HAMPSHIRE parents have been fined more than £500,000 in a year for taking their children out of school, it has been revealed.
New data has shown that the number of fines issued for unauthorised school absences across the county has gone up since 2017, writes Maria Zaccaro of the Local Democracy Reporting Service.
According to the data, Hampshire parents were handed £503,117 in fines between 2018 and 2019 as a total of 16,565 penalty notices for unauthorised school absences was issued.
This is a 22.6% increase since 2017/2018 when 13,508 fines were issued for a total of £393,922.
The data also revealed that 765 fines issued to Hampshire parents in 2018/19 were not paid within 28 days, resulting in court action – 101 more than the year before.
The figures have been released by training provider the Knowledge Academy, whose spokesperson Joseph Scott said there could be many reasons behind the findings, including the cost of holidays during half-terms.
He added: “Parents believe they shouldn’t be criminalised for such an action. On the basis of principle, especially for otherwise well-attending children, parents generally don’t agree that leaving a couple of days early/absence that genuinely can’t be avoided should be legally penalised.”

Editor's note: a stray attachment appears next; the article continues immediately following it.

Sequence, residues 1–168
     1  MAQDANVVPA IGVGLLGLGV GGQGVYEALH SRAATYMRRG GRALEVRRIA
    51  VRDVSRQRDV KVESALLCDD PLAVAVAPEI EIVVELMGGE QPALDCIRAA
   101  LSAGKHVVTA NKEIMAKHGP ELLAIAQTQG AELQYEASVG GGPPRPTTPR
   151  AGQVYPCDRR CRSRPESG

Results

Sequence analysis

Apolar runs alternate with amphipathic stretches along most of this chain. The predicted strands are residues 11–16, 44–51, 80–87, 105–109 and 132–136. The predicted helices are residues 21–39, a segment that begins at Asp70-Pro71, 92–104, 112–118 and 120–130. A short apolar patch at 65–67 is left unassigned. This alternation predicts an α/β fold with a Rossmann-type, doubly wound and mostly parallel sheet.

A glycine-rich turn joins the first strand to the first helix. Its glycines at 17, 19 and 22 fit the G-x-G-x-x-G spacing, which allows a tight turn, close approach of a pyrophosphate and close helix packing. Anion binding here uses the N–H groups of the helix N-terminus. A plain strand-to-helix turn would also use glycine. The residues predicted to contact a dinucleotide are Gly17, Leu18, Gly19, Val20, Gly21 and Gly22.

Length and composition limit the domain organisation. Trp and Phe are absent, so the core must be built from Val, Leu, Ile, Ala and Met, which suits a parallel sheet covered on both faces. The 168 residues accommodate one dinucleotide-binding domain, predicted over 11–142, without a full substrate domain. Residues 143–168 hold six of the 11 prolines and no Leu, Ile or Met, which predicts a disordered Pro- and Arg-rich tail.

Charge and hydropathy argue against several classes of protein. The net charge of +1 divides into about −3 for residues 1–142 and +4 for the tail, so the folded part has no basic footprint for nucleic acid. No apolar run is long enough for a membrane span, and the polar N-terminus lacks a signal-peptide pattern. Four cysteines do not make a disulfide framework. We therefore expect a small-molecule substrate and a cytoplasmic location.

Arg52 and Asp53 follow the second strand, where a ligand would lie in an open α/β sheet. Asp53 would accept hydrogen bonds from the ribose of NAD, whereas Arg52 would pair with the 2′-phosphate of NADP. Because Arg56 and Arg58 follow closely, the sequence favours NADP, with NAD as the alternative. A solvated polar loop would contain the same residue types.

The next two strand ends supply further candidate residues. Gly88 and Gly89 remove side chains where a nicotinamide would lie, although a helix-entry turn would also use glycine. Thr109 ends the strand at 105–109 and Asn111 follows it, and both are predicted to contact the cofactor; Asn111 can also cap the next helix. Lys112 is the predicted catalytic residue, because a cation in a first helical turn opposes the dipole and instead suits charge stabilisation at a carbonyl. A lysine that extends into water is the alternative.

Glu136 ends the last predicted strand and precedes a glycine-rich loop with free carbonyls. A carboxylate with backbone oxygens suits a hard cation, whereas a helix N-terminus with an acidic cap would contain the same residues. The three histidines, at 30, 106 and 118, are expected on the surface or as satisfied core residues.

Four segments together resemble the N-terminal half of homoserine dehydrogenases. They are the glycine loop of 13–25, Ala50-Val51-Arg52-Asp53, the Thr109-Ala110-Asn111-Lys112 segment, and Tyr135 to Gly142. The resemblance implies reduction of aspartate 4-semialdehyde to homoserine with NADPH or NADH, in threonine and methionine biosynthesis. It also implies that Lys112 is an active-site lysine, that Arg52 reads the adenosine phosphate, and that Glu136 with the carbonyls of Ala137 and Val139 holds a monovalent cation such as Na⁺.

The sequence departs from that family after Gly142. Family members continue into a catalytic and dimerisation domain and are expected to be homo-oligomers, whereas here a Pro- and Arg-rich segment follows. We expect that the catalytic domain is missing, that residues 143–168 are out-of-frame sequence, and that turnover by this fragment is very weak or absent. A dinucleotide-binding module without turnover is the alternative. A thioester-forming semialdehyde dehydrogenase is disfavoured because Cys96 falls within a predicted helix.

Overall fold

Hampshire County Council said the revenue from fines was used to cover enforcement costs.
Cllr Roz Chadd, cabinet member for education and skills, said: “We know that the reasons for poor attendance are wide ranging and complex, and we continue to work hard with schools and families to improve the situation.
“Targeted support is given to schools in managing this issue and share best practice. However, sometimes, schools find it necessary to issue a fixed penalty notice to parents of pupils who fail to attend regularly and schools’ use of this is usually only as a last resort.”
The figures have showed the sharpest increase in penalty notices was in Gloucestershire where 1,632 fines were issued in the 2018/2019 year compared with 575 the year previous – a 183.8% rise.
The second highest increase was in Norfolk (63.8%), followed by Devon (63.7%).